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One Step at a Time

Progress can be made in small steps

by Gill Hartley (revised, originally published in 2001)

Suitable for Whole School (Pri)


To focus on taking one step forward at a time, rather than becoming overwhelmed by the task ahead.

Preparation and materials

  • You will need a picture that is stuck to the wall with Blu Tack, just out of reach; a non-slip standing stool or small stepladder (please check your school’s health and safety policy); and a set of children’s building blocks.

  • Have available the following images and the means to display them during the assembly:

    - Mount Everest, available at:
    - Edmund Hillary and his guide, Tenzing Norgay, available at:


  1. Draw the children’s attention to the picture on the wall. Demonstrate by jumping that it is too high for you to reach. Move the standing stool or stepladder and demonstrate that by climbing, you can now reach the picture and remove it from the wall.

  2. Ask for a volunteer to start from one side of the room and make his/her way to the opposite side. Hopefully, your volunteer will walk, although try not to use the word ‘walk’ in your instructions. As the volunteer does this, ask the children if he/she was able to reach the opposite wall instantly. No, of course not! The volunteer had to get there by taking one step at a time, which is another way to describe walking.

  3. Ask the children if they know the name of the highest mountain in the world.

    Show the images of Mount Everest and of Edmund Hillary and his guide, Tenzing Norgay.

    Explain that many people had tried to climb to the summit of Everest before it was finally achieved 65 years ago. On 29 May 1953, Edmund Hillary and his Sherpa guide, Tenzing Norgay, finally reached the icy summit. They were the first people to do so and it had been a difficult and exhausting climb to get there.

  4. Ask if anyone knows how high Mount Everest is. The answer is that it is 8,848 metres high, or 5.5 miles.

    Ask the children how they think Edmund Hillary and Tenzing Norgay managed to climb that high. Did they do it all at once - all in one day?

    No, it took them many days and they set up camps each time they stopped to rest overnight, all the way up the mountain. They climbed the world’s most difficult mountain by moving from camp to camp, one step at a time, until they finally reached the top.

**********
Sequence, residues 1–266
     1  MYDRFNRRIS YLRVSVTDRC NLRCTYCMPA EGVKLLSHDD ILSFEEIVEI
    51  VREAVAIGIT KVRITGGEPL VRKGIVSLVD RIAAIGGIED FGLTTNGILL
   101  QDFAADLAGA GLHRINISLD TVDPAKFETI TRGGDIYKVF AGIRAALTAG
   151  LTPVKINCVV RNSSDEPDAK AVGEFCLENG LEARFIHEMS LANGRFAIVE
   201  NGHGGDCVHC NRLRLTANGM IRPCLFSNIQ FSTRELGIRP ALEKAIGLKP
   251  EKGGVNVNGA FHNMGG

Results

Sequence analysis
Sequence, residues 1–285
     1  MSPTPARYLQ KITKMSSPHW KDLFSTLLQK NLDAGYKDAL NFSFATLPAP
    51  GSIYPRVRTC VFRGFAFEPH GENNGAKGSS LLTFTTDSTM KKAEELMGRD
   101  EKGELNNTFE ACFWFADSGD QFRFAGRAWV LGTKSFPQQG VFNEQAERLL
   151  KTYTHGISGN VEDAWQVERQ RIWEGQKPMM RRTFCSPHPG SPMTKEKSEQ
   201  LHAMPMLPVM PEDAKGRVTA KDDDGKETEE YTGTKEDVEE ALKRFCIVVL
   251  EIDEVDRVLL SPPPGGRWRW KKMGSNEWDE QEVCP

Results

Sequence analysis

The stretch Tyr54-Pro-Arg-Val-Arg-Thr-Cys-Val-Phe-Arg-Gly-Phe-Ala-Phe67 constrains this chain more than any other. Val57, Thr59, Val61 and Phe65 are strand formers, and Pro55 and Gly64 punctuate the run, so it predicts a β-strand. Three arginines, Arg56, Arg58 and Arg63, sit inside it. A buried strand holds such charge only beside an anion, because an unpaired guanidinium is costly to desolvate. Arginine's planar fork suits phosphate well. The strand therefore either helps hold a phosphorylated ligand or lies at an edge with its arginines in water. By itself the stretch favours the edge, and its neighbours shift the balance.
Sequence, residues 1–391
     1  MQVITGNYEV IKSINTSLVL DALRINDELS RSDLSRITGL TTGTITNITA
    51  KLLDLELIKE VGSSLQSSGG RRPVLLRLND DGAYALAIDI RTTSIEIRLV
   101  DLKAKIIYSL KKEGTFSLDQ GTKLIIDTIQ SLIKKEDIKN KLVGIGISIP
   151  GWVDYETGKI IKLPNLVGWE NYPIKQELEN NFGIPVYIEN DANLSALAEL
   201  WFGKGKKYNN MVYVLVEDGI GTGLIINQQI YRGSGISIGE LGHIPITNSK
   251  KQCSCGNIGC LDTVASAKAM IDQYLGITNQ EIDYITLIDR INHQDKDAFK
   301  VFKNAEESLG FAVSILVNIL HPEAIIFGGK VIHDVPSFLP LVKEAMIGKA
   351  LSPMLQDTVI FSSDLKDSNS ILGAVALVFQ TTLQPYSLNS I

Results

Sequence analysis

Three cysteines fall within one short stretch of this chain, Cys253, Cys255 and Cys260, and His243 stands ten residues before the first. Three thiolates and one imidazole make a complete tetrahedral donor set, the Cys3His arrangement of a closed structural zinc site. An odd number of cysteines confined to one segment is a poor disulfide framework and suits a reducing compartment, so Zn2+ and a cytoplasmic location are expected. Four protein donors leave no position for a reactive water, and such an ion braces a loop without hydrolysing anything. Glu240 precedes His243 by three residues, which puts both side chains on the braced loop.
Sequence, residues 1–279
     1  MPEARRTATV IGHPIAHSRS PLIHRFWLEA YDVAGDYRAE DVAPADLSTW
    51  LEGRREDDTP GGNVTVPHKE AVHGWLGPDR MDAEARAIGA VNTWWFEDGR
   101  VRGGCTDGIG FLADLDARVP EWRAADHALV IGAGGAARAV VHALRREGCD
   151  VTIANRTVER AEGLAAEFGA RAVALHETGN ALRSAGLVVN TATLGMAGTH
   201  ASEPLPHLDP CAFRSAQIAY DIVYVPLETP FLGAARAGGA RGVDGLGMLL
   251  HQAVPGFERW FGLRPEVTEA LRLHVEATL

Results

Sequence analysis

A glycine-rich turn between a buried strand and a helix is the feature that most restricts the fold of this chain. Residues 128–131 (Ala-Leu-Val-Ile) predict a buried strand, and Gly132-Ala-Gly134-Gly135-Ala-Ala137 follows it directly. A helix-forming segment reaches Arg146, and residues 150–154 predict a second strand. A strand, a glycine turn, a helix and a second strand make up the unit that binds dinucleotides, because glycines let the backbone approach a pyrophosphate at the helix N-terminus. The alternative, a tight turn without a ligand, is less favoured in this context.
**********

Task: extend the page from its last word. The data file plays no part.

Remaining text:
5. Ask for some more volunteers and ask them to build a wall by using the building blocks. Ask the other children to watch how they do it.

    When the wall is complete, ask the children who were watching to explain how the volunteers did it. Emphasize that the wall was built by putting one brick in place at a time. For a bit of fun, ask someone to try building the wall with all of the bricks at once.

  6. Ask if anyone knows the name of the most famous city in the Roman Empire. Tell the children the famous saying, ‘Rome wasn’t built in a day’. Ask the children what they think it means.

    Listen to a range of responses.

    Explain that, in literal terms, it means that the city of Rome was too big to build in one day. However, the saying has come to mean that anything difficult cannot be done all at once, it has to be done a bit (or a step) at a time.

  7. Ask the children to tell you about how they write a story. A story requires a beginning, a middle and an end. Use this to illustrate further the point that difficult tasks cannot be achieved instantly. Instead, they take time and have to be tackled one section (or step) at a time.

Time for reflection

Ask the children to close their eyes and imagine the following scenario.

Your teacher asks you and your friend to clean up the paint cupboard. You open the doors and look inside. The shelves are full of paint pots, brushes and mixing trays, all covered in paint. You panic - you’ll never get it all done by home time. As you stand there wondering what to do, your friend says, ‘Let’s collect all the mixing trays and wash them first.’ Together, you do that and leave them to dry.

After that, you suggest taking out all the paint pots to wash. You leave them to dry as well. That only leaves the brushes. Your friend passes them to you and you wash them. By now, the mixing trays and paint pots are dry and you can put them back in the cupboard. You put the brushes in a jar and close the cupboard door.

The bell rings. It’s home time, and you’ve finished! You hadn’t thought that you would finish in time. How much easier it is when you do one bit at a time!

Dear God,
Help us when we have to do something hard.
Help us to see what needs to be done first.
Keep us calm to work out what needs to be done next.
Give us patience to keep going on to the next step.
Help us to keep going to the end, until it is finished and we can enjoy our success.


‘One more step’ (Come and Praise, 47)

‘The building song’ (Come and Praise, 61)

Publication date: July 2018   (Vol.20 No.7)    Published by SPCK, London, UK.
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